Flights of Faith

Thursday, September 17, 2009

Imago Dei

What did my young eyes see?

They say the human face is complicated, many lines and creases for a child to trace the course of life.
Sometimes, I put my fingers on these lines. I ran them down my mother’s cheeks. My father’s brows.

I saw these lines drawn out as well. Pencil, lead, color. Brush, paint, splash. Sometimes, life was present there too. What joy was expressed in wonderful images of heroes and heroines chasing their dreams and unlocking their desires!

These lines take time. The images that make stories take time. A rush of images becomes time.

Time that became lost to symbols. Icons that did not convey meaning; rather, they were signposts for quick exchanges, often involving our wallets. A proclamation of purchase, not of story.

This good here! That good there! But what is good anymore?

Images increased their coercion by selling something not fully understood.

Mystery left these lines.

You need this. You need that. This is what that means. No questions.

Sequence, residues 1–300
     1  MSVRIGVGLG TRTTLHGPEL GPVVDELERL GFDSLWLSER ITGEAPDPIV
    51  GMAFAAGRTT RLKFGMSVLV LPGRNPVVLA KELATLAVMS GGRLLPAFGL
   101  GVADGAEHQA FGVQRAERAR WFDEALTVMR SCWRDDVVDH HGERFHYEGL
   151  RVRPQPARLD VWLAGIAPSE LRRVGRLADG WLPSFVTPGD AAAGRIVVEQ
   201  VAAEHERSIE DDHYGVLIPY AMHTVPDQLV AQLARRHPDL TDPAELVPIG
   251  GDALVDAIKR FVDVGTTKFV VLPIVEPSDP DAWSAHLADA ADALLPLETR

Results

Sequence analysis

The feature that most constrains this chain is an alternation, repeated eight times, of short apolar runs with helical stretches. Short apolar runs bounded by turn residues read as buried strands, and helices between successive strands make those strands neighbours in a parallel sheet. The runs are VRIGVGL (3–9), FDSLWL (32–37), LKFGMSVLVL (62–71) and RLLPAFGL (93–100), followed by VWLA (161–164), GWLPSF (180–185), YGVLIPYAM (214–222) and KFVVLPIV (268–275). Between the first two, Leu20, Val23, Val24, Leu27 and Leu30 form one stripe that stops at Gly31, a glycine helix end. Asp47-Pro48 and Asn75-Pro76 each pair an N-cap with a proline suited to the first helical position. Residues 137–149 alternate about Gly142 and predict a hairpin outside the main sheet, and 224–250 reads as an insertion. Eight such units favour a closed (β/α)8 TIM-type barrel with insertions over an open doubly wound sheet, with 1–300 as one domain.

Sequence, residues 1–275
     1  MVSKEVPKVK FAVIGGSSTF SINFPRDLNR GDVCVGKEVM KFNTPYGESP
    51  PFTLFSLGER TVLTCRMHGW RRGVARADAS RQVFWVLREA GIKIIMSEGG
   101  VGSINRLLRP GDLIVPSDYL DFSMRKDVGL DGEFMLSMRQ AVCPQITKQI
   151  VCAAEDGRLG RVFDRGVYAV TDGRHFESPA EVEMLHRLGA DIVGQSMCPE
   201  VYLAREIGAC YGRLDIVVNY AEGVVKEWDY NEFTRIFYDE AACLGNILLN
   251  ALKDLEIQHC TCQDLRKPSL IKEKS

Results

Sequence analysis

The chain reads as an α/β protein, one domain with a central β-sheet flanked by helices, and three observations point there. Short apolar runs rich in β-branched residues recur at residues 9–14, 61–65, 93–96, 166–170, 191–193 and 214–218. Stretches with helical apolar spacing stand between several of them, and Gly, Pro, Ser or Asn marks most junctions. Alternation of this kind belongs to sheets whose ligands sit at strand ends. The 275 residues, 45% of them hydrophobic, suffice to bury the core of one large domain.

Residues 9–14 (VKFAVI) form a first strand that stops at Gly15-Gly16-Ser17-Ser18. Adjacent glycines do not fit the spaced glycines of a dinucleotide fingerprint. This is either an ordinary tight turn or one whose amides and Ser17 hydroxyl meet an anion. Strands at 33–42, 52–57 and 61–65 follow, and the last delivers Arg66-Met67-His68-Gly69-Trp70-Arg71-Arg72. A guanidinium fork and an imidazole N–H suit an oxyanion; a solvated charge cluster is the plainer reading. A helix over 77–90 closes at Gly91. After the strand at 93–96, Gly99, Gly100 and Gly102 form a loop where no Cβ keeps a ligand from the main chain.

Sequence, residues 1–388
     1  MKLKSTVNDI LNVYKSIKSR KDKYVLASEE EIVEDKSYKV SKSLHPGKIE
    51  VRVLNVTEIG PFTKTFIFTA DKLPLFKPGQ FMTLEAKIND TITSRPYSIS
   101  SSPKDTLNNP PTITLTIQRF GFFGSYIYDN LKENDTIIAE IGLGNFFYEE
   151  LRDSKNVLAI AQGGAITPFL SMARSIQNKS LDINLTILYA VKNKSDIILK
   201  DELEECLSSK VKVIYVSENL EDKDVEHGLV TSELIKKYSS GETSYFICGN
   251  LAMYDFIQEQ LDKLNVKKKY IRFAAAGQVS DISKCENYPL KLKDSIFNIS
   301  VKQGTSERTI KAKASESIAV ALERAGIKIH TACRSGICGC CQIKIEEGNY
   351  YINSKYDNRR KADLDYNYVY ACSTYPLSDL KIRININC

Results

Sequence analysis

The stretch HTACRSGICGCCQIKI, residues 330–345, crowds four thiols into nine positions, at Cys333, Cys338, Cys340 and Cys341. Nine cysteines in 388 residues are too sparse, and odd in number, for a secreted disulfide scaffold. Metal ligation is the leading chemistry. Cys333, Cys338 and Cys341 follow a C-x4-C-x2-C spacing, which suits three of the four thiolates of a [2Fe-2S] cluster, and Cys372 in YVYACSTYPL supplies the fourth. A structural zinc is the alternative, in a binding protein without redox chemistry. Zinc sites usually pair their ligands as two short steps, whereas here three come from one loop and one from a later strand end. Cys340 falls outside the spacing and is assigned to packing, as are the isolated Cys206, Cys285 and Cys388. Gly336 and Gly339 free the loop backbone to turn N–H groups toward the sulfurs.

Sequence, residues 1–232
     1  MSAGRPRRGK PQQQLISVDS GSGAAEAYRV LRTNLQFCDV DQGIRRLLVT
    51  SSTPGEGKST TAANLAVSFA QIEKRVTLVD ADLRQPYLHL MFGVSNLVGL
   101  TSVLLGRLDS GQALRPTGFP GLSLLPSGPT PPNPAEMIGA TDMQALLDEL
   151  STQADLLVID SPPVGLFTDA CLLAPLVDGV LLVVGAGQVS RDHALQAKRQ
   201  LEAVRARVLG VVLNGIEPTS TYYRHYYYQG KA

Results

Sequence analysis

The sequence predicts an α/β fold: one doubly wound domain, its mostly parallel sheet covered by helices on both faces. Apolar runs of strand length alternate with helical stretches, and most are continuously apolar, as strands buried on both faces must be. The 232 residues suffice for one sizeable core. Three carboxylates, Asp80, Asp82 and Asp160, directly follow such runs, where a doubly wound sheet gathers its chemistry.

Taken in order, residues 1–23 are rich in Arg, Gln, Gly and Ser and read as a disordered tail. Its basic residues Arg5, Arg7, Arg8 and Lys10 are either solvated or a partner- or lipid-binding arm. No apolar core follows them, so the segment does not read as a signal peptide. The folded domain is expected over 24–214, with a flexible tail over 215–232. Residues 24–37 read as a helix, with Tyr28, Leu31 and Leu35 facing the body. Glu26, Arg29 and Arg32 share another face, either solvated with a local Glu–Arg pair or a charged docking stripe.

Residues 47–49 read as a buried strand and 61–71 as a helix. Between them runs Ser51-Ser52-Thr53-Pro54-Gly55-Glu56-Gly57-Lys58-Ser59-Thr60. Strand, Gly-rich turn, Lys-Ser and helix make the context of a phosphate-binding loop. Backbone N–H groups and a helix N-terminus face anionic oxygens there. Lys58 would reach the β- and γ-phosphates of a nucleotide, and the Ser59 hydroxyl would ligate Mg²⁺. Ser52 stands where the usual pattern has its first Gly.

No people. No humanity. Just orders. The lines draw us into corners.

False choices. Our imaginations cannot open themselves to the fullness of a blossom or the resurrection of the Springtime.

We have even attempted to draw God.

How has God become always on our side, always forgiving us only for the sins we choose to acknowledge, and speaking personally to us, but somehow not about the needs around the corner?

Twisted truth, but isn’t the real thing supposed to be good news for everyone?

What happens when we let God be big?

The world is righted. The dead become alive. We are never comfortable, but always joyous.

Our image of God is a blank page, and we are expectant of God’s miracles to dazzle us, to dizzy us, to tire us and then fill us with energy – and then for us to realize God has let us hold the pencil. Not by our strength, but God’s. Shall we draw together?


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